My nine-year-old son didn’t come to me when he had made his mind up that he wanted to quit karate.  Instead, he enlisted the services of his mother to convince me that it was OK to walk away after nearly three years.  When I finally sat down with him to talk about it, all he kept saying to me was “I know you are disappointed in me”; however, that could not be further from the truth.  I spent the better part of my childhood playing soccer two to three hours a day, seven days a week, so I know what it means to be committed to one activity, but I also appreciate what I had to give up to be successful as a player.  As both an athlete and a coach, I have seen what can happen when parents push children too hard.  Don’t get me wrong, I am not advocating quitting, but there is a big difference between failing to follow through with a commitment and staying committed to something that fails to inspire.  Many parents today are so focused on raising a prodigy that they are blind to all the warning signs of burnout.  In many cases, those parents are driven by fear- fear of the unknown.  More and more parents today wonder how they will ever be able to afford college, and, because of that, they push their kids into activities that they perceive will be beneficial when it comes time for them to apply to college.  Unfortunately, what many of those parents succeed in doing is stunting the growth of their children.

Leave Them Free to Explore Extracurricular Choices

Now more than ever, colleges are looking for students who have a strong sense of self-worth and a greater understanding of their place in society.  In order to achieve these self-actualized goals, students need to be free to explore and, gasp, to fail.  This is not a very popular concept for helicopter parents, who try their best to make sure their kids never fail at anything; however, it can be very liberating for students.  Giving your child the freedom to try new things, even things he or she may not be very good at could be the greatest gift you give your son or daughter.

Passion follows through

Very few students will be able to point to one extracurricular activity as the deciding admissions factor.  In the absence of a world-class 40 time or national acclaim in the arts, students need to focus more on finding those activities about which they feel passionate.  What I had to come to terms with when it came to my son and karate is that the passion just wasn’t there.  It’s easy for parents to see things in terms of cost and effort and lose sight of the real benefit.  Rather than focus on the money we paid in lessons and equipment or the countless hours spent on the road shuttling him to and from tournaments, I chose to see my son’s time in karate for the growth experience it has been.  Passion is not something that can be forced or artificially manipulated with the right high-priced coach.  The best thing you can do is encourage your child to get involved in a variety of activities.  This participation, while it may not result in an athletic scholarship, could very well contribute to a greater sense of self-worth; and, no price can be placed on that education.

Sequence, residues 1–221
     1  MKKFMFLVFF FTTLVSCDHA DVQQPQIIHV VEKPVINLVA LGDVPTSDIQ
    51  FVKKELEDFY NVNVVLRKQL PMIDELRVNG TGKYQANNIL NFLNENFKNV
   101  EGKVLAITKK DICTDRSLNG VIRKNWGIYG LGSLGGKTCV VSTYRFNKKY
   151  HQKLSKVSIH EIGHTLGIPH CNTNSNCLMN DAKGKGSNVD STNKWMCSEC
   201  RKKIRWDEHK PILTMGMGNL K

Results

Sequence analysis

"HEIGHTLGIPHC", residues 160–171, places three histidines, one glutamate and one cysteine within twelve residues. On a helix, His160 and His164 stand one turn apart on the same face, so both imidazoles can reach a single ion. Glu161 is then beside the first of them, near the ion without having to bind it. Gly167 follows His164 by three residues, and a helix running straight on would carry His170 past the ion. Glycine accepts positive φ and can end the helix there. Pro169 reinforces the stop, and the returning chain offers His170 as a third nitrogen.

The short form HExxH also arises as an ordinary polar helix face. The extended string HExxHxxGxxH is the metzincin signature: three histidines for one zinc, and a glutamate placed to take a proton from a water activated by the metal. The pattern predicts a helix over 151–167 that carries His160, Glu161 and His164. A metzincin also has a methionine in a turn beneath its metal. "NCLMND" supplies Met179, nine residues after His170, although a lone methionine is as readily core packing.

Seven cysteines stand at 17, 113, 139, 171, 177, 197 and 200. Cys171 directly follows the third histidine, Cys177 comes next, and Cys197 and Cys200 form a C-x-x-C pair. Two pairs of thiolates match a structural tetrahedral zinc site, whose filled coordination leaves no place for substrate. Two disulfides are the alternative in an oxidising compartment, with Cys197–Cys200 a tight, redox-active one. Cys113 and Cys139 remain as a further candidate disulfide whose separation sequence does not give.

Win the battle but lose the war?

I have seen too many students grind away to get into the college that they think will make them happy, only to end up transferring, or worse yet, flunking out after one year.  If getting into the right college is the sole driving force behind the extracurricular activities you encourage your child to participate in, you may be driving your child towards a dead end.  I constantly have to remind many of the parents of the students I work with that they are not the ones going to college.  While it is easy to get caught up chasing the collegiate goal, the healthier goal to focus on is the happiness of your child.  My experience has taught me that those happy, well-adjusted students succeed at a much higher level at not only selecting the right college but also excelling in that school once they get there.  If you push your child too hard to win the college admissions battle, the victory may prove to be a Pyrrhic one.

  • Are you a parent ‘guilty’ of pushing your child into extracurricular activities they might not be enjoying?
  • Are you a teenager who’s being pushed by your parents?

Use this piece as a conversation starter and move towards a solution you are all happy with! Ask your college consultant to mediate if need be.  I wish you much success.

Christopher Parsons